Philadelphia finally gets a modern zoning code with more reasonable rules for developers and residents alike, and here comes City Council trying to take the town back to the past.
Councilwoman Jannie Blackwell is pushing legislation that would allow Council's 10 district members to decide how many meetings a developer must have with community groups to get residents' input on a project.
While not empowering communities any more than they already are under the new code, Blackwell's bill would break a negotiated promise to developers to limit the number of required meetings because they are expensive. Developers must pay lawyers, planners, and other experts to attend.
The new code requires one community meeting, which should be more than enough, if sufficient effort is made to make sure everyone affected by a proposed development knows about it.
Blackwell's bill would also loosen the definition of a "community group," which again sounds like a good idea, but in reality would open the door for dummy organizations to be formed by developers or their foes to fake community sentiment for or against a project.
Give Blackwell points for wanting to ensure good development in her West Philadelphia district, but her bill would hurt her constituents more than help. It would take the city back to the bad old days when whom you know - especially if it was a Council member - ruled development. That created an unpredictable, and sometimes corrupt, environment.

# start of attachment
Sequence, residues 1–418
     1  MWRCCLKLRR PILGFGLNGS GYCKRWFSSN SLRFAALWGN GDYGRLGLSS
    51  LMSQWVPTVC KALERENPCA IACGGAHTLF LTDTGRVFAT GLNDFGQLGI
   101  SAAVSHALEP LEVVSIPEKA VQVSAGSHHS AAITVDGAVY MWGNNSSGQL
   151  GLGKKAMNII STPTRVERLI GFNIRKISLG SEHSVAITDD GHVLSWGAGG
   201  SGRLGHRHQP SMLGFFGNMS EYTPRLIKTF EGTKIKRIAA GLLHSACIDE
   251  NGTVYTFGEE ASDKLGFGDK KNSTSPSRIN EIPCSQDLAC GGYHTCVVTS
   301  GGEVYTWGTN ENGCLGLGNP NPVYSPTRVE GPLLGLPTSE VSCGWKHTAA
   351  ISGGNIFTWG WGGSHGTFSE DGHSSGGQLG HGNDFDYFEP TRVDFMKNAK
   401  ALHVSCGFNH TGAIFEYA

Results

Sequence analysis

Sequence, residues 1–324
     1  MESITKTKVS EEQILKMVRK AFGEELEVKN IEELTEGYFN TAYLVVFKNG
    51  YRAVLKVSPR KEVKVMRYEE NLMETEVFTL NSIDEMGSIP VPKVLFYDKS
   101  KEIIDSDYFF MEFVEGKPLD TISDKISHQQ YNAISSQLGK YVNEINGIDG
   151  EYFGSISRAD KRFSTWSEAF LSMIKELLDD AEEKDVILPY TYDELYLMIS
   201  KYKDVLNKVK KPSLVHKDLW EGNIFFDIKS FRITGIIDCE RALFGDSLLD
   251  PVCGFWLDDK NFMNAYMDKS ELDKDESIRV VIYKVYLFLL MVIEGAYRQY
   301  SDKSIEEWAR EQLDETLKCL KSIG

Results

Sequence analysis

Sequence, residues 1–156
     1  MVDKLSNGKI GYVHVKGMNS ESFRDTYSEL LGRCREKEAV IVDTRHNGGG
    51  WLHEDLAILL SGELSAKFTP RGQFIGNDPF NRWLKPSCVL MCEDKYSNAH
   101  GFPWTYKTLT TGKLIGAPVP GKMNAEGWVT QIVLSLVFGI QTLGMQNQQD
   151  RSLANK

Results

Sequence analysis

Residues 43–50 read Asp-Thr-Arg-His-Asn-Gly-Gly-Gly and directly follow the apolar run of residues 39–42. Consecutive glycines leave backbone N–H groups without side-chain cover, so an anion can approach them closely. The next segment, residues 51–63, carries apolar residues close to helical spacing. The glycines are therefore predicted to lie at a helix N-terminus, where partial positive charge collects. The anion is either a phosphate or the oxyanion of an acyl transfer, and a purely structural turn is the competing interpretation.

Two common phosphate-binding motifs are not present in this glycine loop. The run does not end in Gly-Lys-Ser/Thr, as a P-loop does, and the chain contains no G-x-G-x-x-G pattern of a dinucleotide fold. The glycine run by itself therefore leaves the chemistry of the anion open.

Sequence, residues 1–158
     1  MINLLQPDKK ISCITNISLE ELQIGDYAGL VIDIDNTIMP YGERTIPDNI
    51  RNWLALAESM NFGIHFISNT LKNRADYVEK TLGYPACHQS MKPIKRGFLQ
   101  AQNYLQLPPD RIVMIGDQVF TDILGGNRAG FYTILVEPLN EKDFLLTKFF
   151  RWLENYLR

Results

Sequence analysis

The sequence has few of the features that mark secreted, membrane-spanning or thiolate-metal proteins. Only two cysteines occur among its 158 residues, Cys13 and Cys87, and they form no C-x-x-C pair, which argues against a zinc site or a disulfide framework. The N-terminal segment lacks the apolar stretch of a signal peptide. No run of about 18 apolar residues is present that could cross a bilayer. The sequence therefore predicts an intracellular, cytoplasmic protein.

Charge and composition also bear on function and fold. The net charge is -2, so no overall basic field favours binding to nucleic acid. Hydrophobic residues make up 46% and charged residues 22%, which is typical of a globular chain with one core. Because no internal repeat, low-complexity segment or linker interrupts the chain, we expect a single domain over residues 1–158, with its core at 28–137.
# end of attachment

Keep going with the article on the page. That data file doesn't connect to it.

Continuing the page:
A separate zoning bill, introduced by Councilman Brian O'Neill, is also problematic in that it would burden small businesses with unnecessary restrictions. For example, the revised legislation would now permit ice cream shops, but it still discourages community gardens.
Both Blackwell's and O'Neill's bills are counterproductive at a time when the city is trying to shed onerous rules that cost it businesses and jobs. Their moves are particularly disturbing when you consider the large role Council played in writing the new code that they want to undermine.
Council had seats on the commission that developed the code, which over four years held countless public meetings - a process that cost $2 million. It's wrong for some Council members to ignore that exhaustive effort just so they can retain control over development in their districts. They need to instead consider the entire city's needs, and give the code time to work before making changes.